Of the many lies spread about Monsanto, perhaps none is so malevolent as the claim that the seed giant is to blame for farmer suicides in India. This falsehood, spread by anti-biotechnology activists like Vandana Shiva but debunked years ago, is still parroted by credulous left-wing outlets.
Of the many lies spread about Monsanto over the years, perhaps none is so malevolent as the claim that the seed giant is to blame for farmer suicides in India. This falsehood, spread by anti-biotechnology activists like Vandana Shiva but debunked a couple of years ago, is still parroted by credulous left-wing outlets such as Think Progress and supposedly credible news sites like Deutsche Welle1.
Now, a thorough study published in the Journal of Epidemiology and Global Health has concluded that Monsanto's cotton is "unlikely to be an important factor" in the suicides.
The author conducted a qualitative analysis by searching for relevant literature and news stories. He uncovered several key facts:
(1) Farmers in India really are suffering from a suicide epidemic. The suicide rate in India's general population is 11.2 per 100,0002, but for farmers it is 15.8 per 100,000. However, farming is a profession that tends to have a higher suicide rate. In the U.S. in 2012, the "farming, fishing, and forestry" occupational group had the highest suicide rate in the country (approximately 85 per 100,000), nearly six times the rate of its Indian counterpart.
(2) Debt was ranked as the #1 cause of farmer suicides in India.
(3) Farmers with lower yields were more likely to commit suicide than farmers with higher yields. Additionally, farmers who grew "cash crops" (like cotton), which can be financially risky, appear to be more likely to commit suicide than ones who grew food crops.
(4) Despite higher up-front costs, farmers who grew Monsanto's genetically modified cotton (Bt cotton) returned 58% higher profits. There was, though, wide variability in this result. Because of improper cultivation techniques and/or low quality "black market" seeds, not every farmer profited from Bt cotton.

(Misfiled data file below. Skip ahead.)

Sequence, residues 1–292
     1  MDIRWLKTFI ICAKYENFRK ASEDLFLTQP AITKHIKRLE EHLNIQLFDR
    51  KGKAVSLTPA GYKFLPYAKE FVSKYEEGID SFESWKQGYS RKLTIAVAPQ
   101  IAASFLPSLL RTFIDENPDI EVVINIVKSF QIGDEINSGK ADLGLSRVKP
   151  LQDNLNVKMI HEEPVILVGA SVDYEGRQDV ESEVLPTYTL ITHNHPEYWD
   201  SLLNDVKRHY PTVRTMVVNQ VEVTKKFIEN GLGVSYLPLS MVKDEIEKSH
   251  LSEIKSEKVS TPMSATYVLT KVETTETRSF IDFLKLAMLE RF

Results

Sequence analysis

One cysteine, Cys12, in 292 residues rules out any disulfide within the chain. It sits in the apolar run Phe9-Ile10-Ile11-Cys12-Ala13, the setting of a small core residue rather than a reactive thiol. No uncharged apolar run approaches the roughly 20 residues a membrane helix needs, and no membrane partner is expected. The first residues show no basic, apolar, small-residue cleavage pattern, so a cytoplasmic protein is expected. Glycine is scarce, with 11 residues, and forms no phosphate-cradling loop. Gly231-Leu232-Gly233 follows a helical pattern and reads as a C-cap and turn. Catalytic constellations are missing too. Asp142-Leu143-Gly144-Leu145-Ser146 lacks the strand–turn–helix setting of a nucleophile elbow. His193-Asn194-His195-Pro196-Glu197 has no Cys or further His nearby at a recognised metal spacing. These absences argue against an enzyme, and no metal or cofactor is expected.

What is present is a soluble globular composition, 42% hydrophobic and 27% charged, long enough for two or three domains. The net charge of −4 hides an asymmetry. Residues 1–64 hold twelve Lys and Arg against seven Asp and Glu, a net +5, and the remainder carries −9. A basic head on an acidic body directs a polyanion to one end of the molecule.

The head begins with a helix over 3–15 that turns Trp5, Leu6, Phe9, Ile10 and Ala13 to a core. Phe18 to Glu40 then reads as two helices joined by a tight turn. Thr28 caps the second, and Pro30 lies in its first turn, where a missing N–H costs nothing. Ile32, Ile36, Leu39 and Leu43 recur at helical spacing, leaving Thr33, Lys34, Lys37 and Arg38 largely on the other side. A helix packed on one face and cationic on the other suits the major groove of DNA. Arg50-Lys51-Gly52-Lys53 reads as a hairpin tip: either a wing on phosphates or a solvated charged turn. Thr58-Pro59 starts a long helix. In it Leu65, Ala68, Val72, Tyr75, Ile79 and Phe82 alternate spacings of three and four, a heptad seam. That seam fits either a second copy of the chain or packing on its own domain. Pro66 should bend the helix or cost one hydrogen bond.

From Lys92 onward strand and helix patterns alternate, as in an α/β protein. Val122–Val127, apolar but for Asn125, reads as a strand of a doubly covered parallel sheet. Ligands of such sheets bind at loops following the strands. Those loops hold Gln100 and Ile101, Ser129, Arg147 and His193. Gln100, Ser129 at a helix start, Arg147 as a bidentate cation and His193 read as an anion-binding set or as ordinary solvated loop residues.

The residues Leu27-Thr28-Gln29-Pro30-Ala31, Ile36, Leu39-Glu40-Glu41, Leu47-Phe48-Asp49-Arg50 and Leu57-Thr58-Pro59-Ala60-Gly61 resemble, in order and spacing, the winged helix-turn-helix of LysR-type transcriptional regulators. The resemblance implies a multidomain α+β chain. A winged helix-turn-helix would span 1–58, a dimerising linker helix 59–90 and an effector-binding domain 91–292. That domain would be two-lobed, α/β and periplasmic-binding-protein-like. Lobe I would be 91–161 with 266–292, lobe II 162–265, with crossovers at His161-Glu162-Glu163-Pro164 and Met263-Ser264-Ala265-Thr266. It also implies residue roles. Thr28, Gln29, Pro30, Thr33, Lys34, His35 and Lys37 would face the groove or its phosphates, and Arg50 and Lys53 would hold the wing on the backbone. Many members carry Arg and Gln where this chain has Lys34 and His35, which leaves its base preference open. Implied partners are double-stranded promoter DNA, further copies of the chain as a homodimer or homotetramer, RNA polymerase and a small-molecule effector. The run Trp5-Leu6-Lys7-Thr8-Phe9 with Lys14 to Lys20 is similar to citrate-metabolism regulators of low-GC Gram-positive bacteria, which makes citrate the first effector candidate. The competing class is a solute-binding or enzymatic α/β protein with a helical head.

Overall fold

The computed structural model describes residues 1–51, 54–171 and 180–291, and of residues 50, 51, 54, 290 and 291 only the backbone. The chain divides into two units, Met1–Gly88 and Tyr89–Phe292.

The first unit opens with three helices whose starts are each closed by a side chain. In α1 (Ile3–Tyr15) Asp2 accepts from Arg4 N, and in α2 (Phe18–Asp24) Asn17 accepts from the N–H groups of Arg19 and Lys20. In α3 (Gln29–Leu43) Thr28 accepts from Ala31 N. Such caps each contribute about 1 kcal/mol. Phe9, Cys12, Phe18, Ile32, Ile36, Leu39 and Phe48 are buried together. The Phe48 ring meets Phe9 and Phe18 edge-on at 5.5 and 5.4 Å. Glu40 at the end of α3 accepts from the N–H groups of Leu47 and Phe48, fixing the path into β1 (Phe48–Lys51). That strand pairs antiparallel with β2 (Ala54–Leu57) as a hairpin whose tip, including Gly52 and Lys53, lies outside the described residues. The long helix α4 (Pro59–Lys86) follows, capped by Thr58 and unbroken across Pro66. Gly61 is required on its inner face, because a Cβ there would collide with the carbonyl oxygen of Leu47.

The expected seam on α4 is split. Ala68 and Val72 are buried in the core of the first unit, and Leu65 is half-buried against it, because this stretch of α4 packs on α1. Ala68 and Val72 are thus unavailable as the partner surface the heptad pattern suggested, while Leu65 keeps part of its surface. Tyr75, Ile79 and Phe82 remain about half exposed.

(5) Though the suicide rate among farmers is increasing, it has not kept pace with the much faster rate at which Bt cotton has been adopted.
(6) India has opened itself to greater international competition, driving down the prices farmers receive for their crops. In particular, Indian farmers strongly disliked competing against cotton imported from the United States, which is heavily subsidized. (The U.S. government has subsidized cotton farmers for decades.)
(7) Access to credit and infrastructure (e.g., irrigation) also appeared to play a role in farmer suicides.
Taken together, the author concluded that Bt cotton had little impact on farmer suicides, though it may have played a small role in individual cases.
Despite these facts, anti-GMO demagogues like Vandana Shiva continue to blame Indian farmer suicides on Monsanto. How? Because, according to her, farmer suicides increased after Bt cotton was introduced to the country. Though technically true, that's a logical argument befitting a 3rd grader. It's like saying that roosters cause us to eat breakfast because roosters always crow before we eat breakfast. Just because A precedes B does not mean A causes B.
Unfortunately for battle-hardened anti-GMO activists, Monsanto is being bought out by Bayer, so they will need to identify a new bogeyman. It appears they have found one in Syngenta.
(1) Notably, the "GMO suicide" conspiracy theory was too much even for Tom Philpott, the resident organic foodie at Mother Jones.
(2) For comparison, the CDC reports that, as of October 2016, the overall suicide rate in the U.S. is 13.4 per 100,000.
Source: Dominic Merriott. "Factors associated with the farmer suicide crisis in India." J Epidemiol Glob Health 6 (4): 217-227. Published: December 2016. DOI: http://dx.doi.org/10.1016/j.jegh.2016.03.003